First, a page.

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Post by Kibetious » 03 Sep 2018, 16:39

Wow, this is an awesome review. I have been passing the opportunity to read this book repeatedly. Now I know what it entails. It sounds sad that Nick who should be helping Prue to overcome her struggles is the one who is amplifying the problem. The situation is made worse by the fact that Prue cannot leave him since she blames herself for the problems in their marriage. It is a good read for sure. Thanks for the review.
​​​​​​He gives strength to those who are tired; to the ones who lack power, he gives renewed energy :techie-studyinggray:

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Laura Bach
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Latest Review: A Dress the Color of the Sky by Jennifer Irwin

Post by Laura Bach » 03 Sep 2018, 21:49

Bushra Nasim wrote:
03 Sep 2018, 12:39
Thanks for your honest review. I always look forward to the stories that portray women as a survivor and not as a victim. Surely, this book is gonna be in my reading list :)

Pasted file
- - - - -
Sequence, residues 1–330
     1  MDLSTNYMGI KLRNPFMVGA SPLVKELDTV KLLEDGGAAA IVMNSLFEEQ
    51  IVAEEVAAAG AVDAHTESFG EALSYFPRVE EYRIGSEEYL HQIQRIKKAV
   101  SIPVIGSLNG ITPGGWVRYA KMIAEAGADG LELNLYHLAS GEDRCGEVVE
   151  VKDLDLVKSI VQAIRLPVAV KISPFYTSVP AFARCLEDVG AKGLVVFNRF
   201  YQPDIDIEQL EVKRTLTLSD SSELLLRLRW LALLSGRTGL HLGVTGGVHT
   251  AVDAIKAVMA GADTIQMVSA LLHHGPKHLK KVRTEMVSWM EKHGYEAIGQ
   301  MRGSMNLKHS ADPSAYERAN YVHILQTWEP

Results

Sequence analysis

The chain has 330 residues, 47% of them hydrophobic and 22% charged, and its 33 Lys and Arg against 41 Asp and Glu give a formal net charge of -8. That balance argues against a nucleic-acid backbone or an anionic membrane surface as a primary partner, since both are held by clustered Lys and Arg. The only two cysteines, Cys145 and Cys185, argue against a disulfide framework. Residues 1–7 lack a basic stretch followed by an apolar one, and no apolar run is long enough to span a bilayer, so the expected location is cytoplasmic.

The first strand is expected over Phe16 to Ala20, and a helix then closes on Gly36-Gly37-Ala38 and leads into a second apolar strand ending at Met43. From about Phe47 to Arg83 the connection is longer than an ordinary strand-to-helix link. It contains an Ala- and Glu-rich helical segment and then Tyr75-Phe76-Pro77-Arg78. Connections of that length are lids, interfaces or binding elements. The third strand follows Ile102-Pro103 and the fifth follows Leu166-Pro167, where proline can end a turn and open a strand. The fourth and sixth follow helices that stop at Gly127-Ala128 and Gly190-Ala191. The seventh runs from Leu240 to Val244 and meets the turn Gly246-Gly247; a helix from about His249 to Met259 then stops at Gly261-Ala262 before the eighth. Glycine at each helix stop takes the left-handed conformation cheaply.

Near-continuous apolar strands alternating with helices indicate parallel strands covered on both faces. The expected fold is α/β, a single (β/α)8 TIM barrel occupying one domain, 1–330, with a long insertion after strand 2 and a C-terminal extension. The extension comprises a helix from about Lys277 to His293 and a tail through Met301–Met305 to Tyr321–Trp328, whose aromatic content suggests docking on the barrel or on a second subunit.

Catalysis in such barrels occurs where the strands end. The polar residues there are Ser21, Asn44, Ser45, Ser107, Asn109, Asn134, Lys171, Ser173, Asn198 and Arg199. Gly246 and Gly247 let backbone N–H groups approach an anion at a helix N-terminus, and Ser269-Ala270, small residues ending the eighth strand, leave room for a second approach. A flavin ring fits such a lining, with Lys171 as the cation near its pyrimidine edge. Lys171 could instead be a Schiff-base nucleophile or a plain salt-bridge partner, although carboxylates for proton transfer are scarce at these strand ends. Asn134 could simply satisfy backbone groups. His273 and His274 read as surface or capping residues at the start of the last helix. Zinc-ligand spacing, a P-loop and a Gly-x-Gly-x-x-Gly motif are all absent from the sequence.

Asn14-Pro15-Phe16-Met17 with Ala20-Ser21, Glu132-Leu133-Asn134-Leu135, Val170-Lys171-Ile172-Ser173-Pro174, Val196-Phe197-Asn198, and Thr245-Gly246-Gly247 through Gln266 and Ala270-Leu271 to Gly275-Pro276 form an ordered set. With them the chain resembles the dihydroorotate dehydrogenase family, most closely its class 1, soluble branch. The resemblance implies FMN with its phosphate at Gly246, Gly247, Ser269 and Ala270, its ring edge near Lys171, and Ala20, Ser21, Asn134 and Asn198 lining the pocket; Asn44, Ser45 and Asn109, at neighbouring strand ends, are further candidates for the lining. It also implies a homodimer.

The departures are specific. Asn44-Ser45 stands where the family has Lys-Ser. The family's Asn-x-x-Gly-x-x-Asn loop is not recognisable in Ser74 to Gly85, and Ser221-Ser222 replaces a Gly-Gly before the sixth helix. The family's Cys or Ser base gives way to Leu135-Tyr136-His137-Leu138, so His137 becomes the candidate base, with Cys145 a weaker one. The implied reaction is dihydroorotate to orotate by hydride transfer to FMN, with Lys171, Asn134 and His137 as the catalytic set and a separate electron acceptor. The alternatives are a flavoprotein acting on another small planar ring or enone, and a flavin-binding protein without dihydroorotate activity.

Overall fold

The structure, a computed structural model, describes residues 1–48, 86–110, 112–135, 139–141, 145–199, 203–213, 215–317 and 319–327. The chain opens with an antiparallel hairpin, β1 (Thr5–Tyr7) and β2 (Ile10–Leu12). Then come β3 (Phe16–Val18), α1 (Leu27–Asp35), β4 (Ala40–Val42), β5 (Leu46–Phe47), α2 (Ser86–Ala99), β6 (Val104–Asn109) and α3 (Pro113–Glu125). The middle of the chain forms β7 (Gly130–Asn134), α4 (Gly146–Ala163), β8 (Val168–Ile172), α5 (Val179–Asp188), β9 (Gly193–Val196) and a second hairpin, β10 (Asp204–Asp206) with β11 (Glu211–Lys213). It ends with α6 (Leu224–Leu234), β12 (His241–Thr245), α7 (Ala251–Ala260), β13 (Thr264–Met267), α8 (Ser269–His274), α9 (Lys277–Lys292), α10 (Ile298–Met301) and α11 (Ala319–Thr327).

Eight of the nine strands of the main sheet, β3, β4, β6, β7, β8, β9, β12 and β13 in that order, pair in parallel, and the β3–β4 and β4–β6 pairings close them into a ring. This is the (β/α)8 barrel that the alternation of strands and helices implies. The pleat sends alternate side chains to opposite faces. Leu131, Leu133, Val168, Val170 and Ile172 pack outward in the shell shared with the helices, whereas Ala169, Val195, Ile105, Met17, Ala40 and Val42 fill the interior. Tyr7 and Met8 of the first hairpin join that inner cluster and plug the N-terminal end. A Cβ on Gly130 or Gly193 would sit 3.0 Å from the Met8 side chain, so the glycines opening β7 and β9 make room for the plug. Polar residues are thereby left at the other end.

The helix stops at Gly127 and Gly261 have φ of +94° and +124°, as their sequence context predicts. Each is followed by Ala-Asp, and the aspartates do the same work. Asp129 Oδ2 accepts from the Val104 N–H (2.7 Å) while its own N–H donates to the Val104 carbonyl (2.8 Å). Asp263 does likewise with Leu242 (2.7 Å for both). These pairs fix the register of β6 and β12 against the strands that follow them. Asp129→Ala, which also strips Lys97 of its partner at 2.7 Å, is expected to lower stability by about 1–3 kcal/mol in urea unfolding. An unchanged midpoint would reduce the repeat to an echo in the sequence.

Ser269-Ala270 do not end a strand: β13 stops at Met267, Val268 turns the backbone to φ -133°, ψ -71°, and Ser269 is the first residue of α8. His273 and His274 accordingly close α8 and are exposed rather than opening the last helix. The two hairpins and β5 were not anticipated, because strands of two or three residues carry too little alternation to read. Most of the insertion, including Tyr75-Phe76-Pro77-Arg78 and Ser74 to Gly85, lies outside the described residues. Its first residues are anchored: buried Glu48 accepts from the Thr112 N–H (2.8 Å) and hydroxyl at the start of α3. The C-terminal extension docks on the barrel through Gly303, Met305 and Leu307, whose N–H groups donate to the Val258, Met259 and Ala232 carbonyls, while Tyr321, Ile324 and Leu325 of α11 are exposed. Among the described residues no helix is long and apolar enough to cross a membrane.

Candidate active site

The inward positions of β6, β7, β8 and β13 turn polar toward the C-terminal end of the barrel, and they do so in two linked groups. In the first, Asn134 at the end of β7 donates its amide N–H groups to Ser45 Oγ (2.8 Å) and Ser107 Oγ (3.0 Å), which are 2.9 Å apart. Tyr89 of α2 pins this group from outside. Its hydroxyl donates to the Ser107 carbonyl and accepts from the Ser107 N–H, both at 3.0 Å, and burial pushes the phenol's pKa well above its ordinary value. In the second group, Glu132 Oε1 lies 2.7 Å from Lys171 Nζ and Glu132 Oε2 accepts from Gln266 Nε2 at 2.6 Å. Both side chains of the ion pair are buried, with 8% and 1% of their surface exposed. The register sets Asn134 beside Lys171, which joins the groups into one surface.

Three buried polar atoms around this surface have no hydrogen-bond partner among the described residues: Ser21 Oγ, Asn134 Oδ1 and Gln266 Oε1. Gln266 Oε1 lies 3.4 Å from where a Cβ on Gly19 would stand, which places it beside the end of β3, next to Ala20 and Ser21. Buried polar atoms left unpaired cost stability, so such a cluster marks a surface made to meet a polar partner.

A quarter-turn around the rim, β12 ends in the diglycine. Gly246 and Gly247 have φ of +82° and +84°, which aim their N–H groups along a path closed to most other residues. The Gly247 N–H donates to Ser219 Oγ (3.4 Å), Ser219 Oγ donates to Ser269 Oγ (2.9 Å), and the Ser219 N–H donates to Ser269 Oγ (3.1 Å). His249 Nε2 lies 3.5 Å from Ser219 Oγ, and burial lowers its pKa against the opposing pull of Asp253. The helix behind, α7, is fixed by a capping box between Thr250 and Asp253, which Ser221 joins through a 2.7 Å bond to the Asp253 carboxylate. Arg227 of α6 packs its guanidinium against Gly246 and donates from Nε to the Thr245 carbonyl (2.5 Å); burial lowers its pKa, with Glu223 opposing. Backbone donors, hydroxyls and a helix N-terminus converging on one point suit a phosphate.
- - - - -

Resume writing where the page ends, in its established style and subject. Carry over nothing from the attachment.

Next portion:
Strong women are my soft spot too. I hope you like the book. Thank you!

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Laura Bach
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Latest Review: A Dress the Color of the Sky by Jennifer Irwin

Post by Laura Bach » 03 Sep 2018, 21:58

Kibetious wrote:
03 Sep 2018, 16:39
Wow, this is an awesome review. I have been passing the opportunity to read this book repeatedly. Now I know what it entails. It sounds sad that Nick who should be helping Prue to overcome her struggles is the one who is amplifying the problem. The situation is made worse by the fact that Prue cannot leave him since she blames herself for the problems in their marriage. It is a good read for sure. Thanks for the review.